“A short story is a love affair, a novel is a marriage. A short story is a photograph; a novel is a film.”
― Lorrie Moore
A Good Man is Hard to Find and Other Stories (Barnes and Noble Modern Classics edition) by Flannery O’Connor (Georgia Author and winner of the National Book Award for The Complete Stories in 1972)
My review: 5 of 5 stars
With authentic southern dialect, O’Connor manages to shock the reader in a way so matter of fact that the effect is stunning. Good and evil, religious themes, and the dark side of humanity are explored and exposed, but not without a healthy dose of dry humor. Readers will appreciate her excellent use of imagery, metaphor, and personification, all of which magically convey character, tone, and theme in a few short pages. I believe O’Connor is the foremost example of a short fiction writer, particularly of southern writers. She’s a master of the form. Highly recommended!
“In case of an accident, anyone seeing her dead on the highway would know at once that she was a lady” (p. 2, A Good Man….).
“They looked like the skeleton of an old boat with two pointed ends, sailing slowly on the edge of the highway” (p. 22, The River).
“True genius can get an idea across even to an inferior mind” (p. 134, Good Country People).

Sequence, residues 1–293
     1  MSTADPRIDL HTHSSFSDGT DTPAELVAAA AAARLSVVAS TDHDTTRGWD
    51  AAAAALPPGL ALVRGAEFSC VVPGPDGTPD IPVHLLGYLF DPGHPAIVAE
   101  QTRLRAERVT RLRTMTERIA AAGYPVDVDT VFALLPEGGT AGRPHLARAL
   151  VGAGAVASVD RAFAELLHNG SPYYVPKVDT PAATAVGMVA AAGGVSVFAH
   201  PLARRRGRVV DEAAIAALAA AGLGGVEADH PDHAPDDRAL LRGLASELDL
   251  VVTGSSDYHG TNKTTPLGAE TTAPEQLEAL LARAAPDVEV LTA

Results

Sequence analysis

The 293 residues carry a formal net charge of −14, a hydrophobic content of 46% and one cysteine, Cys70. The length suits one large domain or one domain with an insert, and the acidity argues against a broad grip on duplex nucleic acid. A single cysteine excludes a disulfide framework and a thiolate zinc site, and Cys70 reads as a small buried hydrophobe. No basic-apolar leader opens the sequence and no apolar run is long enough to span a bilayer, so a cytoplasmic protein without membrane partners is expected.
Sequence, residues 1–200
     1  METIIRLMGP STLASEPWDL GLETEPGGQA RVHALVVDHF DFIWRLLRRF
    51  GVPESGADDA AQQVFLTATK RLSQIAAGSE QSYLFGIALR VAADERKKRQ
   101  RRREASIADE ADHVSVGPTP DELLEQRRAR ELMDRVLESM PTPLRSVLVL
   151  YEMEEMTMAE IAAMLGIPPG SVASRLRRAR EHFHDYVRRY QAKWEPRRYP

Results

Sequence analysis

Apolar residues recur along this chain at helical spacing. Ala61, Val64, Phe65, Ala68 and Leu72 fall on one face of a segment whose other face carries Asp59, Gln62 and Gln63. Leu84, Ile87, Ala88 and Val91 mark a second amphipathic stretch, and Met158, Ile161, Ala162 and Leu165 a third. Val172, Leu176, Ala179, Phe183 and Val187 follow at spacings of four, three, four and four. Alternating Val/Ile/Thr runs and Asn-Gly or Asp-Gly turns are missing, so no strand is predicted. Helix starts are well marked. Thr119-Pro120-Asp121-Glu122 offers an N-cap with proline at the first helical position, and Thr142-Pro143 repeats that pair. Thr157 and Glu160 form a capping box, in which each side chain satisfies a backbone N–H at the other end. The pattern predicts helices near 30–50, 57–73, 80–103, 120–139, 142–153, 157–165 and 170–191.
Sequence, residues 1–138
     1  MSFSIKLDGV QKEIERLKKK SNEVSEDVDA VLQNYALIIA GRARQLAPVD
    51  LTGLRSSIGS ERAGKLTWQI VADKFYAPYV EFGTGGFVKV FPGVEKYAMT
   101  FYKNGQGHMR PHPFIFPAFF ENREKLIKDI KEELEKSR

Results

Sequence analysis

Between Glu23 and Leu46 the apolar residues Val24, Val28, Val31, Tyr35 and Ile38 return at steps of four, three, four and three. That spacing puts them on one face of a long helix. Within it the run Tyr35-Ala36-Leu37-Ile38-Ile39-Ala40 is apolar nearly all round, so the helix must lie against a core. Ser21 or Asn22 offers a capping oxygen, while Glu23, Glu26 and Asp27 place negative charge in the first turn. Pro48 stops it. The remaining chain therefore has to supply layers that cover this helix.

The Isle of Youth by Laura Van Den Berg
My review: 4.5 of 5 stars
The Isle of Youth is a collection of short stories featuring a variety of women mired in secrecy and deception. Most live quiet lives of desperation. The female characters are well-imagined with much depth. Each story contains conflict and tension. Many of the women make bad choices and must live with the consequences. This collection is imaginative and sensual with an immediate sense of conflict and tension in each. The characters are unique. These are not stories of the average woman in normal situations. Such is the draw and fascination with this collection. Definitely recommended.
“Other people’s lives were no less impossible to understand than my own” (p. 15, I Looked for You, I Called Your Name).
“We knew what it was like to want something so badly, it burned a whole inside you” (p. 33, “OPA-LOCKA).
“It was a terrible flaw, our ability to see where our lives were leading us” (p. 62, OPA-LOCKA).
“It felt very strange to not know where I was in time” (p. 121, Antarctica).
Voice of America by E.C. Osondu (Nigerian author and Winner of the Caine Prize for African Writing)
My review: 4 of 5 stars
In this collection of stories, Osondu portrays Nigerians (both in his homeland, and here in America) in an honest, unflinching light. He uses fascinating details to underscore the violence and desolation like how displaced children in refugee camps, the result of civil wars, name each other by the T-shirts they receive from foreign aid workers offering help. He offers intimate portraits of desperation and judgement, as well as insight into cultural differences and beliefs. He highlights the differences between Americans and Nigerians that result in cultural misunderstandings, and he doesn’t sugarcoat the problems in Nigeria. An illuminating read. Strongly recommended.